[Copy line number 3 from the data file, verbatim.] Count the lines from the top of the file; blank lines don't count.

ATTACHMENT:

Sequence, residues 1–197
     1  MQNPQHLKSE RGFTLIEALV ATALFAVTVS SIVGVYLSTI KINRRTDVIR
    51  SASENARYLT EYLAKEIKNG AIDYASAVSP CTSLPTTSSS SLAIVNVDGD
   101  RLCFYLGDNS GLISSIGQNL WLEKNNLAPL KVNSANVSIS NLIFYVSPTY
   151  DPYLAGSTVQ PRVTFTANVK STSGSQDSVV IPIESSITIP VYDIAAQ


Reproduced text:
    51  SASENARYLT EYLAKEIKNG AIDYASAVSP CTSLPTTSSS SLAIVNVDGD